India Education
Tamil Nadu includes Muslim, Christian backward groups in quota
Apr 5, 2007 - 5:54:37 PM

Chennai, April 5 - Backward groups among the minority Christian and Muslim communities in Tamil Nadu will get the benefit of the reservation quota in educational institutions and government services.

Participating in a debate on the demands of grants for the minorities department, Chief Minister M. Karunanidhi told the assembly that the government had accepted the recommendations of the state's Backward Classes Commission headed by Justice M. Janardanam, a retired judge of the Madras High court.

The reservation quota in the state include 30 percent for backward classes -, 20 percent for most backward classes - and denotified tribes -, 18 percent for scheduled castes -, and 1 percent for scheduled tribes -. The overall reservation is thus 69 percent, benefiting as much as 87 percent of this state's population.

'The government would take legal steps to implement the exclusive reservation for minorities -, once the Supreme Court pronounces its verdict on the 69 percent reservation case,' Karunanidhi said.

The decision comes after a January judgement of the Supreme Court, which ordered constitution of a three-judge bench to study if state reservation laws can be included in the Ninth Schedule of the Constitution.

The Tamil Nadu Reservation Act passed by the assembly was included in the 9th Schedule - in August 1994.

It was challenged in court and its constitutional validity is still in question. Tamil Nadu is afraid that its 69 percent quota might be cut by the courts.

Karunanidhi recalled that a 'communal Government Order of 1921' had sown the seeds of reservation in India.

He pointed out that at that time Muslims and Indian Christians were also meant to enjoy the benefits of reservation.

Another government order in 1927 provided for Muslims and Christians 'separate reservation on the basis of rotation', he noted.

From 1951 onwards, BCs in Tamil Nadu have enjoyed 25 percent reservation. In 1969 the first Tamil Nadu State Backward Classes Commission, headed by A.N. Sattanathan, recommended a separate 16 percent reservation for the MBCs and 17 percent for the BCs.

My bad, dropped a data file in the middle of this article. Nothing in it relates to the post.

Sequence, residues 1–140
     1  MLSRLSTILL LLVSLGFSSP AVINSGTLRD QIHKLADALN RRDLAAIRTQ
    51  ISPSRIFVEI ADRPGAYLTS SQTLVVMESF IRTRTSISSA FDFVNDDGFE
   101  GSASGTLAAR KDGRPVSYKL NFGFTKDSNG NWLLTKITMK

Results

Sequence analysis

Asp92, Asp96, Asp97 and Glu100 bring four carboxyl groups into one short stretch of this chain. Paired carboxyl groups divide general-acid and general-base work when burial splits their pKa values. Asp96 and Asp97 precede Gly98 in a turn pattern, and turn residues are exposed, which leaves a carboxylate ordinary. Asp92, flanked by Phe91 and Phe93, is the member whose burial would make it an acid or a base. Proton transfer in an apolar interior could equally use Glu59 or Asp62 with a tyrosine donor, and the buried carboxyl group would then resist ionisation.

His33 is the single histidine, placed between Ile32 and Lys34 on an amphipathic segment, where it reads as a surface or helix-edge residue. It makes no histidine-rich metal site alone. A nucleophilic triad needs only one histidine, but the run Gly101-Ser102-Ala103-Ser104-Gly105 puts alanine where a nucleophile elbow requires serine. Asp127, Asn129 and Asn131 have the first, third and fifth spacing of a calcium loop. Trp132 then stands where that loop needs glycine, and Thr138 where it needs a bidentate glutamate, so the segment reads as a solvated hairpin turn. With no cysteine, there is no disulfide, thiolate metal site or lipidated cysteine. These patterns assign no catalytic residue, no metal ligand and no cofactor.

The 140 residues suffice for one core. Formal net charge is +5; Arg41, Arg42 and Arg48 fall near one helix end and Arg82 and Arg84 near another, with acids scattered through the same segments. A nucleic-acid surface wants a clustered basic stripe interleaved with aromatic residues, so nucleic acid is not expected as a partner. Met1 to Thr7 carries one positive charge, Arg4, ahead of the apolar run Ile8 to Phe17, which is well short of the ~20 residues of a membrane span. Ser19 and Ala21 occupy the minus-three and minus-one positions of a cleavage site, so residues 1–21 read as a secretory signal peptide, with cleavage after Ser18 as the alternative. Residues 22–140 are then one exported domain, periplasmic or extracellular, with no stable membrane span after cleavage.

In 1971, the DMK government hiked the BC quota from 25 percent to 31 percent and the SC and ST quota to 18 percent.

The chief minister pointed out that the DMK government in 1973-74 included Urdu-speaking Labbies and Tekkani Muslims in the list of the BCs.

In 1980, the M.G. Ramachandran government increased the BC quota from 31 percent to 50 percent, and a few years later the DMK government took the total quota to 69 percent.

Ever since, the state's higher educational institutions have 69 percent seats reserved for BCs and other backward classes -.

The second Tamil Nadu State Backward Classes Commission came into existence on March 15, 1993, headed by J.A. Ambashankar.

Karunanidhi said Justice M. Janardanam, a retired judge of the Madras High court, had been asked to review the Ambashankar panel report on BCs and OBCs and 'had stated that the report of the Second Commission could be the basis for the exclusive reservation for Christians and Muslims'.

The Ambashankar Commission, he said, had studied the population pattern of the of backward class people among the Hindus, Christians and Muslims in Tamil Nadu.

Karunanidhi said full details on the exclusive reservation will be announced after consultations with friendly parties. It was a DMK poll promise, he said.

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